Febrile Infection-Related Epilepsy Syndrome (FIRES)

Managing seizures and seizure disorders in children is a required skill for emergency medicine providers. Clearly we know to never let hypoglycemia fool us and to always consider other seizure mimics. Fortunately, most seizures will spontaneously resolve and then we need to ponder their potential etiologies (ex, simple febrile seizure). Some will require emergent management with benzodiazepines and other second-line and third line anti-epileptic medications for Status Epilepticus. Clearly, while seemingly straight forward, the seizing brain is a complex problem and comes in innumerable forms that can be equally perplexing and challenging to manage (ex, neonatal seizures, Pyridoxine Deficiency, Eclampsia, Rickets, Toxins). Furthermore, there are many epilepsy syndromes that are managed with unique therapies that may present to our emergency departments and require some knowledge of to manage appropriately. One such condition was recently reviewed by Koh et al (PMID 33681649). Let us take a minute to familiarize ourselves with this nutritious educational morsel – Febrile Infection-Related Epilepsy Syndrome (FIRES):

Febrile Infection-Related Epilepsy Syndrome (FIRES): Basics

Known by many names, but now FIRES is preferred.
  • Prior names include:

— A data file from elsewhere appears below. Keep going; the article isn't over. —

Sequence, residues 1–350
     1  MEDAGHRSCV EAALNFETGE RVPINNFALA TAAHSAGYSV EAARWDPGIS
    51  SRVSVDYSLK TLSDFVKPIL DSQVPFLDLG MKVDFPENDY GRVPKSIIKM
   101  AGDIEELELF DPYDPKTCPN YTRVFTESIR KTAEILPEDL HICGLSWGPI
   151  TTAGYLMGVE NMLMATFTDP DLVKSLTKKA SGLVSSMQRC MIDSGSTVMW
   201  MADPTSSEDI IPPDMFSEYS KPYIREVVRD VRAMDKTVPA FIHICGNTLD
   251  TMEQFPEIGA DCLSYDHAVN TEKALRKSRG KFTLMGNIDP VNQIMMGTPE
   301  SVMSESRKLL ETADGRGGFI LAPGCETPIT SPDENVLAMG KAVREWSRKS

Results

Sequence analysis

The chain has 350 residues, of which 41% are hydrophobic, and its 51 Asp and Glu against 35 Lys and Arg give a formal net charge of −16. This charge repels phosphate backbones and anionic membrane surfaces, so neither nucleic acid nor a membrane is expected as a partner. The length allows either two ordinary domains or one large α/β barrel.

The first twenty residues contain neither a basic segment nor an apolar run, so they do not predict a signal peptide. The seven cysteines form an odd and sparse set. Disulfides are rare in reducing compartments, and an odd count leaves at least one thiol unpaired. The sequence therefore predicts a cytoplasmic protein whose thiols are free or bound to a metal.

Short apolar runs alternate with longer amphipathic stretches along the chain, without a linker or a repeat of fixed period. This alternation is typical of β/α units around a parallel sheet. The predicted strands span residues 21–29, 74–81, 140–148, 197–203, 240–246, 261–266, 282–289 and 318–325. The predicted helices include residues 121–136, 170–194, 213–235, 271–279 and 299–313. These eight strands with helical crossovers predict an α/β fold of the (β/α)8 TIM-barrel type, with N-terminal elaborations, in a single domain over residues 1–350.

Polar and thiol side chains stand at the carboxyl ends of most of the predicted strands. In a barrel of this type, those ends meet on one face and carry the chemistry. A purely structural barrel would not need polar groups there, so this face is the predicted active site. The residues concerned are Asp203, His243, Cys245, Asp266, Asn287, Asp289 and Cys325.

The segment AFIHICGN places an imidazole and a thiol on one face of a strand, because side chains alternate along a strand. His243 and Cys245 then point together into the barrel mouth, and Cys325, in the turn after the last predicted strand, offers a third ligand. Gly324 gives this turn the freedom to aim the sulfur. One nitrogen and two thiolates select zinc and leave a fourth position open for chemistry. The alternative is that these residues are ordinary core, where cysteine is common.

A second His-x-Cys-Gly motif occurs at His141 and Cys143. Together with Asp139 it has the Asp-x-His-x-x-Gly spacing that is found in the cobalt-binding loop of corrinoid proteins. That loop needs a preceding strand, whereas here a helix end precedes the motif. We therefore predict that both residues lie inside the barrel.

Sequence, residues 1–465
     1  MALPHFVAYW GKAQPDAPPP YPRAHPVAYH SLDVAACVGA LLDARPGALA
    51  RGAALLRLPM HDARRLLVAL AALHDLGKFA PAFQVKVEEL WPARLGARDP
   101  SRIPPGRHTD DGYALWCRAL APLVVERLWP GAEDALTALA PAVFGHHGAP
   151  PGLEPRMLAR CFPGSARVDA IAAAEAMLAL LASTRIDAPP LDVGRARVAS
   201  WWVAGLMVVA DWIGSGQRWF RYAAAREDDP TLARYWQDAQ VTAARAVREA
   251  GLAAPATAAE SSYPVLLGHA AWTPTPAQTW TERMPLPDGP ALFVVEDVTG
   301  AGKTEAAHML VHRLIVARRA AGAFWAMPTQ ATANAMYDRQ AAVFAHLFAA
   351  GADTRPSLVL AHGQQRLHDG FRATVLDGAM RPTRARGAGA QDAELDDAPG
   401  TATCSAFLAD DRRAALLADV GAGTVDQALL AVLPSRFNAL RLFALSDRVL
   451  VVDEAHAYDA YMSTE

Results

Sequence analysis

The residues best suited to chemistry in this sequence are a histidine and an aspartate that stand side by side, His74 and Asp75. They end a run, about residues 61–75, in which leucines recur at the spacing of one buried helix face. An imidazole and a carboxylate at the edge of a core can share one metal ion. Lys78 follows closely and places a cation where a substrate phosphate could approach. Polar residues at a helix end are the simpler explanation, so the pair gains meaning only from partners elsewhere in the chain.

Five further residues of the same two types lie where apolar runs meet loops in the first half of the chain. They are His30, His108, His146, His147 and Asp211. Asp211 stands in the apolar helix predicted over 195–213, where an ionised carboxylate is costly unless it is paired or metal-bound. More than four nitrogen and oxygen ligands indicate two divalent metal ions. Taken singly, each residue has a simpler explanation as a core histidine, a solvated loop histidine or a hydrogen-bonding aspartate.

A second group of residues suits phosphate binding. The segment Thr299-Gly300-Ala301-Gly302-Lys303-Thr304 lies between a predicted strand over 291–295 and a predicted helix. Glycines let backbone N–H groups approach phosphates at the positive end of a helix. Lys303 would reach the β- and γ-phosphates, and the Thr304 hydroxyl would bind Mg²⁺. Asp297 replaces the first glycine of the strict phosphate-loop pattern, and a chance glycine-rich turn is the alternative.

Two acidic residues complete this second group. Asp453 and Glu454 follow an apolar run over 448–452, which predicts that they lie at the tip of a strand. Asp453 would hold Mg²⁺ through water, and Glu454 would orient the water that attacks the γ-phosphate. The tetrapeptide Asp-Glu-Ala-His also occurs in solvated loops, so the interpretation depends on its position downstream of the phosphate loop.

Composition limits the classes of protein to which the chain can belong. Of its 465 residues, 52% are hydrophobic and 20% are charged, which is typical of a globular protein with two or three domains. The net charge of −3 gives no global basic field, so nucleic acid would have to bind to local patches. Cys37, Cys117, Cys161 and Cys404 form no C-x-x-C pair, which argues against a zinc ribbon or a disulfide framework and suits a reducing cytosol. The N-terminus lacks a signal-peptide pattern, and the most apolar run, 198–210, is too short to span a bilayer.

• “Devastating Epileptic Encephalopathy in School Age Children (DESC)”
    • “Fever Induced Refractory Encephalopathy in School Age Children”
    • “Acute Encephalitis with Refractory Repetitive Partial Seizures (AERRPS)”
  • Clearly, FIRES is a better acronym… but the prior names also point out key characteristics:
    • Age – while it can affect young adults, it typically is seen in children older than 2 years of age with a median age of onset of ~ 8 years of age.
    • Refractory nature – seizure episodes increase in frequency and duration and progress to refractory status epilepticus
    • Encephalopathy / Encephalitis – significant cognitive deterioration is common
    • Fever – associated with recent febrile illness
FIRES is a subcategory of New-Onset Refractory Status Epilepticus (NORSE).
  • NORSE defines a clinical presentation, not a specific diagnosis.
  • It affects previously healthy children and adults who did not have prior seizures.
  • The seizures develop Suddenly and Explosively!
  • The seizures are difficult to control / refractory.
  • The seizures do not have a clear etiology (structural, toxic, metabolic, or infectious).
FIRES is defined as:
  • Subcategory of NORSE that has had a prior febrile infection.
  • Fever needs to have been within 24 hours to up to 2 weeks prior to the onset of the seizures.
  • Fever may be present at onset of seizure.

Febrile Infection-Related Epilepsy Syndrome: Presentation

  • Begins as New onset seizure that has is intermittent or stuttering
    • (so, we may see this early on and think it to be a simple febrile seizure or complex febrile seizure or even just a new onset seizure.)